Scotland’s economy grows but business demands action

Share this article
Have your say

BUSINESS leaders yesterday called for a “far greater” focus on private sector growth as figures showed the Scottish economy continuing to expand.

News that gross domestic product (GDP) expanded by 0.5 per cent during the final three months of 2012 comes just a week before an initial first-quarter reading for the UK as a whole. Opinion is divided as to whether that will show Britain entering its third recession in less than five years.

Scotland’s Q4 growth, which compares to a 0.3 per cent UK-wide contraction in the same period, was partly due to a large increase in electricity and gas supply, including strong renewable energy output between October and December.

Business groups welcomed the news, but pointed out that growth remained below trend and called for additional support for struggling companies. CBI Scotland’s assistant director, David Lonsdale, said: “After a difficult start to the year it is encouraging that the Scottish economy ended 2012 on an encouraging note.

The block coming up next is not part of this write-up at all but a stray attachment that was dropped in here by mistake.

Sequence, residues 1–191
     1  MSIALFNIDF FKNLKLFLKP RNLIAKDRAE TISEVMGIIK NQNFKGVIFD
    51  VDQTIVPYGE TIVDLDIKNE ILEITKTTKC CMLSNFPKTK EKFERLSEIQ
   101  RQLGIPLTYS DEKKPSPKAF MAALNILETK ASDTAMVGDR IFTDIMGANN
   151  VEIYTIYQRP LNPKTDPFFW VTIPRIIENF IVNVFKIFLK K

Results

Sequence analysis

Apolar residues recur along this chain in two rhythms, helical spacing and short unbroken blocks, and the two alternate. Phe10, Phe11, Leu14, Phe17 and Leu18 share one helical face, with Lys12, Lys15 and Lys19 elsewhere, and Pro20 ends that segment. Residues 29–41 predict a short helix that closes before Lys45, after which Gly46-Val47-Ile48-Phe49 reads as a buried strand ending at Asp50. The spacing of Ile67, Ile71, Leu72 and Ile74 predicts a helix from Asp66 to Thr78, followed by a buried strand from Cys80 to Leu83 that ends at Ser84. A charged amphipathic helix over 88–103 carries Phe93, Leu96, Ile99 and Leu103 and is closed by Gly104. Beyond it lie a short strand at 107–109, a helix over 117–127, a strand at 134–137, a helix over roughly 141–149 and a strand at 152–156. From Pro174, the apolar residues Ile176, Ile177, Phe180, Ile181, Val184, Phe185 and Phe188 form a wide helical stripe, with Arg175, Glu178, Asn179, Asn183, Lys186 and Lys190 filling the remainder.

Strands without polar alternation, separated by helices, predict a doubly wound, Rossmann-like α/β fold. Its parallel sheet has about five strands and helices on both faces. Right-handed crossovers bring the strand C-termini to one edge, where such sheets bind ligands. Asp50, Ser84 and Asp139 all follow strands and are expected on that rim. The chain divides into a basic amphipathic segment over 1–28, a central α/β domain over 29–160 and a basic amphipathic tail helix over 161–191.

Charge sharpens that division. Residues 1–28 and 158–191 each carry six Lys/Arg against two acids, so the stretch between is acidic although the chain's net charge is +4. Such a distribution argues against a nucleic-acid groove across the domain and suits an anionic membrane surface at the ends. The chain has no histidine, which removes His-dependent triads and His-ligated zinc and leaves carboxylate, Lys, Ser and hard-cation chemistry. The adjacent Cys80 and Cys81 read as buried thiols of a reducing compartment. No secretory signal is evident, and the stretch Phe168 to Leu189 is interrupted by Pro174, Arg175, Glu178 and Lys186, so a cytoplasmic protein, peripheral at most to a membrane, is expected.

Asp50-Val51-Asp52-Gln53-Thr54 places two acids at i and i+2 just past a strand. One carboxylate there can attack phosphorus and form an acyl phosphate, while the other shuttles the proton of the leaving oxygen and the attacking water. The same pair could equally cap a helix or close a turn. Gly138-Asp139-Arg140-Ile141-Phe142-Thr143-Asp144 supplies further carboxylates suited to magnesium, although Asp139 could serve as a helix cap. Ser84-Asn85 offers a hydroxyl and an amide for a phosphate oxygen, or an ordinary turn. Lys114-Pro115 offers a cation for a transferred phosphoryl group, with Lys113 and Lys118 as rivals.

“Nothing however can be taken for granted, underlining the need for continued action to aid businesses to take full advantage of the recovery.

“If we want to see a more vigorous recovery and a more sustainable economic model in future then Scotland has to become less reliant on public spending, with a far greater emphasis on private sector growth.”

Liz Cameron, chief executive of the Scottish Chambers of Commerce, said: “The problem of below trend growth in Scotland and how to support businesses to achieve a competitive advantage in the global marketplace is one of the central challenges to politicians in the ongoing debate over Scotland’s constitutional future.”

The GDP figures were published at the same time as the latest Scottish employment data, which showed the jobless total falling below 200,000 for the first time since 2009.

Finance secretary John Swinney said: “It is very welcome to see these positive trends in employment and in economic growth for Scotland.”